What is also unmistakably true is that few have mastered their instrument to the depth Roy did. Buchanan’s close listeners praise his array of astonishing techniques, and how he used them to express uniquely emotive statements. As with a good Hendrix solo, you catch your breath at the sheer intensity of sound and soulfulness that Buchanan summons up when he’s running hot. His Fender Telecaster screams and cries, whistles and whines in ways are piercing in one second and tender in the next—Roy could recreate the human voice in uncanny ways. But then he’d spin into machine-like rapid-fire notes that make your teeth hurt. He didn’t need effect pedals to achieve this sonic richness—he was a purist in his way, defiantly old-school in a period that expected progressive experimentation.
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Aug 012020
 

Let there be songs to fill the air: It’s the birthday of Jerome John “Jerry” Garcia. The Grateful Dead leader would be celebrating his 78th trip around the sun today. Although a quarter of a century has passed since Garcia passed away (on August 8th), there’s no need to revive his work: his music did not fade away in the first place. In fact, Garcia’s songs and his approach to improvisation seem as relevant and contemporary as ever.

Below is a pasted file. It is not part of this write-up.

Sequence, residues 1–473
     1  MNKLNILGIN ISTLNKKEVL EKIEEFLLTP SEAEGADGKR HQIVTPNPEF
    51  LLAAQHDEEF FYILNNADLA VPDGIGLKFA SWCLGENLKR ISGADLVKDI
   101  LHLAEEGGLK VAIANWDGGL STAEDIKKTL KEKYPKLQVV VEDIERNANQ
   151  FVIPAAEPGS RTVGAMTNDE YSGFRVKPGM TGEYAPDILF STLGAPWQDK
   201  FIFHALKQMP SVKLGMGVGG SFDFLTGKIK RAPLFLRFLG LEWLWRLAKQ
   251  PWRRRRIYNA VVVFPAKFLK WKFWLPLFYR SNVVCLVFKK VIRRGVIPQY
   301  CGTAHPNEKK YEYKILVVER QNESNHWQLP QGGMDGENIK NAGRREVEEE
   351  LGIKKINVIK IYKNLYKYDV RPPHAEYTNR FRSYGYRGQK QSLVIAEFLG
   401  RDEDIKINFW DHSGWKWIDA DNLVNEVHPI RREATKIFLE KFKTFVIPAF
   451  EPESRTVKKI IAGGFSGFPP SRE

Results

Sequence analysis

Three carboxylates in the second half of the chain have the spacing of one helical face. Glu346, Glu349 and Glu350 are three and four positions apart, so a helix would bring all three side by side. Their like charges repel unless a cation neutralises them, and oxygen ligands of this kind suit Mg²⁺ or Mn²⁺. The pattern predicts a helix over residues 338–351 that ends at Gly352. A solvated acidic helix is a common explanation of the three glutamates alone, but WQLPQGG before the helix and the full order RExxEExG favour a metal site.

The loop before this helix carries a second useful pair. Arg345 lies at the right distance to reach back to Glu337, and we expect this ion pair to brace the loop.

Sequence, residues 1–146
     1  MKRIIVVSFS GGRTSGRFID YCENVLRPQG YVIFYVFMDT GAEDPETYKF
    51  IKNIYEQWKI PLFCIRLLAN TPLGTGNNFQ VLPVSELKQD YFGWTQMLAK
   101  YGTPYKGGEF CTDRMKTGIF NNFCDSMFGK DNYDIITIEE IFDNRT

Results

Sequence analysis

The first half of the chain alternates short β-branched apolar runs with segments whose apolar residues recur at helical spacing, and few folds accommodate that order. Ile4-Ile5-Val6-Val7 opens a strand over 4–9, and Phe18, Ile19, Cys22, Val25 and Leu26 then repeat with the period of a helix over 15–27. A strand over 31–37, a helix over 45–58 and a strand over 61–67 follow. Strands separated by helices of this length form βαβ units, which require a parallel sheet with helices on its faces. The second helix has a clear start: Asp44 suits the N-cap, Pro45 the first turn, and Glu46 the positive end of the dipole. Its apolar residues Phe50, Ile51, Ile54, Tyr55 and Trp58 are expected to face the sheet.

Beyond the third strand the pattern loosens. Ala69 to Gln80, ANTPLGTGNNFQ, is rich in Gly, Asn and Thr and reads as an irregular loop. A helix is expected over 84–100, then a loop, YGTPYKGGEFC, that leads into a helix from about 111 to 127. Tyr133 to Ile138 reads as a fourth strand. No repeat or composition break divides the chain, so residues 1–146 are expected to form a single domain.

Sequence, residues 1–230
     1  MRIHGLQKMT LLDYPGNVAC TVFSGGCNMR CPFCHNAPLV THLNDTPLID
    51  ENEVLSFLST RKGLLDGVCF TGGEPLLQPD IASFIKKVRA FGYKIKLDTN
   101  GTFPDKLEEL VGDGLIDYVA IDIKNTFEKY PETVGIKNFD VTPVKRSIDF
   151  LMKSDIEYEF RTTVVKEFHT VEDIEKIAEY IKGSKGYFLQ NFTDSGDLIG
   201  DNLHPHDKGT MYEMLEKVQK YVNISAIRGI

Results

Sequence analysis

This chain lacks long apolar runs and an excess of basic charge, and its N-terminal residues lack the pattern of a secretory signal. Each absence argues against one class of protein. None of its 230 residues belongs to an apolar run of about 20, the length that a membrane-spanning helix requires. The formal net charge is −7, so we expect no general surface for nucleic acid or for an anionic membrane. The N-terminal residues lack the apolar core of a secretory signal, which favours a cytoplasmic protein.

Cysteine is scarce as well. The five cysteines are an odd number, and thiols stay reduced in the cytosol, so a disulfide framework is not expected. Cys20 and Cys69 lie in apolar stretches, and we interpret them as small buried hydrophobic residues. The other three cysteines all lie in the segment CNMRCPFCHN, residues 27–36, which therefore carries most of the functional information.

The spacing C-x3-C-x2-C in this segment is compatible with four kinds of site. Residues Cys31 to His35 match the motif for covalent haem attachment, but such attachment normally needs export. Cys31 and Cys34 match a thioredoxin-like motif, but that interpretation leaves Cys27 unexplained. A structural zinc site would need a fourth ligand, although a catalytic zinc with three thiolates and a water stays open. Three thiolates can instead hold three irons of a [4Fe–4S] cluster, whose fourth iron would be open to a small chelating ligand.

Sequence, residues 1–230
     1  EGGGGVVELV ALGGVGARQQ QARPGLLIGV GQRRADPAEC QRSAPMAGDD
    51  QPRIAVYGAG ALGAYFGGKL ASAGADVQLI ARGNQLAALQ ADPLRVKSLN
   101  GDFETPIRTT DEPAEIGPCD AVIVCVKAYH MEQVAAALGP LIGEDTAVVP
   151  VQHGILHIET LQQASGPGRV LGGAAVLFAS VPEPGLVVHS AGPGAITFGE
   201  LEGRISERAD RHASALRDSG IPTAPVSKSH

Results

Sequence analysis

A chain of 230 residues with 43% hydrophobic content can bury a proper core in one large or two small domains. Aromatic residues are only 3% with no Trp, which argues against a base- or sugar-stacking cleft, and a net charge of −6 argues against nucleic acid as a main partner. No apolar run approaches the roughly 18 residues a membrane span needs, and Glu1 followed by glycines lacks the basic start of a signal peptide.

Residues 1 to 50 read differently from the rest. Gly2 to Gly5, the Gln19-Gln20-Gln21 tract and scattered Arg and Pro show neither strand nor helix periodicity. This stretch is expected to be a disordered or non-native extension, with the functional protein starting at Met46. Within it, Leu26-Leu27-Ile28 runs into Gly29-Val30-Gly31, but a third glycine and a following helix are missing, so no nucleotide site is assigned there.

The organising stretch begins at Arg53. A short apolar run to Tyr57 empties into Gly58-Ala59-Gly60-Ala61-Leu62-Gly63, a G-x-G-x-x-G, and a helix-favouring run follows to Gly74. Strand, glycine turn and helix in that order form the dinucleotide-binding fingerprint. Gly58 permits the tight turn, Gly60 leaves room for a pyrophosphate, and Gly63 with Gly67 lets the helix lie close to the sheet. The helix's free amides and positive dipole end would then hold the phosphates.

A small number of his songs (co-writes with lyricist Robert Hunter) are fixtures in the American songbook, just as surely as those of Stephen Foster, Woody Guthrie, and Hank Williams. That alone is a pretty big deal. But in terms of covers, you’d be hard pressed to name any musician who gave more life to other people’s music than Jerry Garcia. He attracted millions of listeners with his own original songs and his trippy way with a guitar solo, but Garcia then guided that listenership toward a much wider world of music beyond the songs of his own.